TELECOM Digest OnLine - Sorted: Beware of Phantom Stock Regulators on Net, Officials Warn

Beware of Phantom Stock Regulators on Net, Officials Warn

Reuters News Wire (
Thu, 28 Jul 2005 22:22:29 -0500

Con artists are setting up Web sites for fake U.S. regulatory agencies
to lure stock investors, many from overseas, into fraudulent
transactions, officials from New Jersey to Montana warned on Thursday.

These "phantom regulators" -- with names like the International
Compliance Commission and the Securities Protection Agency -- have
been brought to the attention of actual regulators, the officials

"The U.S. securities markets are known around the world for being
among the safest ... Con artists are trying to cash in on our good
name abroad to lure unsuspecting investors into risky penny stocks and
advance fee schemes," said New Jersey Securities Bureau Chief Franklin

For instance, investors in Britain, Australia and New Zealand were
targeted by a company called Royal Acquisitions Inc., which offered to
buy shares of worthless stock, but asked for an upfront fee, officials

To make their pitch more convincing, Royal Acquisitions referred
investors to a Web site for the "International Securities Regulatory
Commission," said regulators in Montana, where the company and the
commission were purportedly based.

There is no Royal Acquisitions or International Securities Regulatory
Commission doing business in Montana, the Montana Securities
Department said.

"We continue to get e-mails regularly from investors around the world
asking about the legitimacy of Royal Acquisitions and the
International Securities Regulatory Commission," said Karen Powell,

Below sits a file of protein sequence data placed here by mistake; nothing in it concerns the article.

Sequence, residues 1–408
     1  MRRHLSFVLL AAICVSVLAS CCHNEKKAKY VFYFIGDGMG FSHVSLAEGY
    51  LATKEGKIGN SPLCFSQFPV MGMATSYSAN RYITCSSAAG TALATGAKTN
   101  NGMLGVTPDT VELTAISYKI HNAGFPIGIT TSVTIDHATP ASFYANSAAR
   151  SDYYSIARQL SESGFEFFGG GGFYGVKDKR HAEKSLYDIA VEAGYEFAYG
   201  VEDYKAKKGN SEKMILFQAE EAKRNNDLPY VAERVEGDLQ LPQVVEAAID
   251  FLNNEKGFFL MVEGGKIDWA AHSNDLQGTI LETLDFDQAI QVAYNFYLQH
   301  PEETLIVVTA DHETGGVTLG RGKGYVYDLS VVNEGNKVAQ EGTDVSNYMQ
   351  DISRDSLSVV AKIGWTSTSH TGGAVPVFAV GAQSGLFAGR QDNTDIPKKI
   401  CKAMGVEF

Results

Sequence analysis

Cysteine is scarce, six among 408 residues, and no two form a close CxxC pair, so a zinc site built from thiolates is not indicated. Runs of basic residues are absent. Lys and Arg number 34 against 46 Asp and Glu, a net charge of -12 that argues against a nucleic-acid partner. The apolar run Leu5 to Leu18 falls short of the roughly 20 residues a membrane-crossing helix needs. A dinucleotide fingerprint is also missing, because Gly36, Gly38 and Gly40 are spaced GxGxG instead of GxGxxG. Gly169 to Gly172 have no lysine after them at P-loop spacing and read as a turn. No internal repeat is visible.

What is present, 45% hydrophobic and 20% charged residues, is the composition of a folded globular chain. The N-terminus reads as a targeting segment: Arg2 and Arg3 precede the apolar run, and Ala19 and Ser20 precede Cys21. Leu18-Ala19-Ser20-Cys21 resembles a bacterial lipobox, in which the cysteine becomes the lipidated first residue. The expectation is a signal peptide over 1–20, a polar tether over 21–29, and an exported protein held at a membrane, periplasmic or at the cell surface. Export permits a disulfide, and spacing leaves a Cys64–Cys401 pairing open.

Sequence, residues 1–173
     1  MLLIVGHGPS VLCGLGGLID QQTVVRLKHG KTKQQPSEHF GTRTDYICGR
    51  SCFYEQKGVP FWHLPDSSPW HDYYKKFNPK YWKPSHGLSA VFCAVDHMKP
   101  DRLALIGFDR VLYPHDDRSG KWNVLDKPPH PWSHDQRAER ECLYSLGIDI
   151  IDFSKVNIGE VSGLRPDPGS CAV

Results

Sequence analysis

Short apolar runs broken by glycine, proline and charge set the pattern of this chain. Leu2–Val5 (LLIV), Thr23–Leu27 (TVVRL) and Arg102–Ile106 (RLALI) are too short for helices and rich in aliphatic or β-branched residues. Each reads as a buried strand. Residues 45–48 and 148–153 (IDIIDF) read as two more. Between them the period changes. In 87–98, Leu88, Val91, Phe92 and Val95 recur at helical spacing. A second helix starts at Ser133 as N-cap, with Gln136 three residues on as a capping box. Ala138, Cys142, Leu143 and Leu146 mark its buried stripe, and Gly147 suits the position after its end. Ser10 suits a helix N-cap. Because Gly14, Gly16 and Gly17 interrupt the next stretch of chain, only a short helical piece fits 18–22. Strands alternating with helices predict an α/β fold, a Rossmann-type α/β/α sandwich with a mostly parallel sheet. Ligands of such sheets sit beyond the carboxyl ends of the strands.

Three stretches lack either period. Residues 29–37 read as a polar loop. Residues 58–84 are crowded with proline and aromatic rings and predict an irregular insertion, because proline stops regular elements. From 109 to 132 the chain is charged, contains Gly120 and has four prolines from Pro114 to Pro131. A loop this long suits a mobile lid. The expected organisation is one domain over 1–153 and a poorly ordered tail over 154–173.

deputy Montana securities commissioner.

This month the Missouri securities commissioner issued an order
against the "Securities Compliance Department," which claims to be a
regulator based in Kansas City.

Missouri officials said the case involved an Australian woman who was
bilked out of $121,000 by a group called Century Group Mergers and
Acquisitions. The woman said a man telephoned her claiming to be from
the Securities Compliance Department and asked her to send more money.

In Massachusetts, state regulators said they have filed a complaint
against RJL International Ltd., after receiving numerous complaints
from overseas investors.

RJL agents were contacting investors and offering to buy their shares
for up to 200 times the market price, but asking for an advance fee,
state officials said.

"At least one investor submitted $19,000 to RJL, after which all
communications with the firm ceased," said the Massachusetts
Securities Division in a statement.

Rather than using a Web site, RJL encouraged reluctant investors to
telephone the "International Public Shareholder Protection Service,"
an entity that does not exist, officials said.

Copyright 2005 Reuters Limited.

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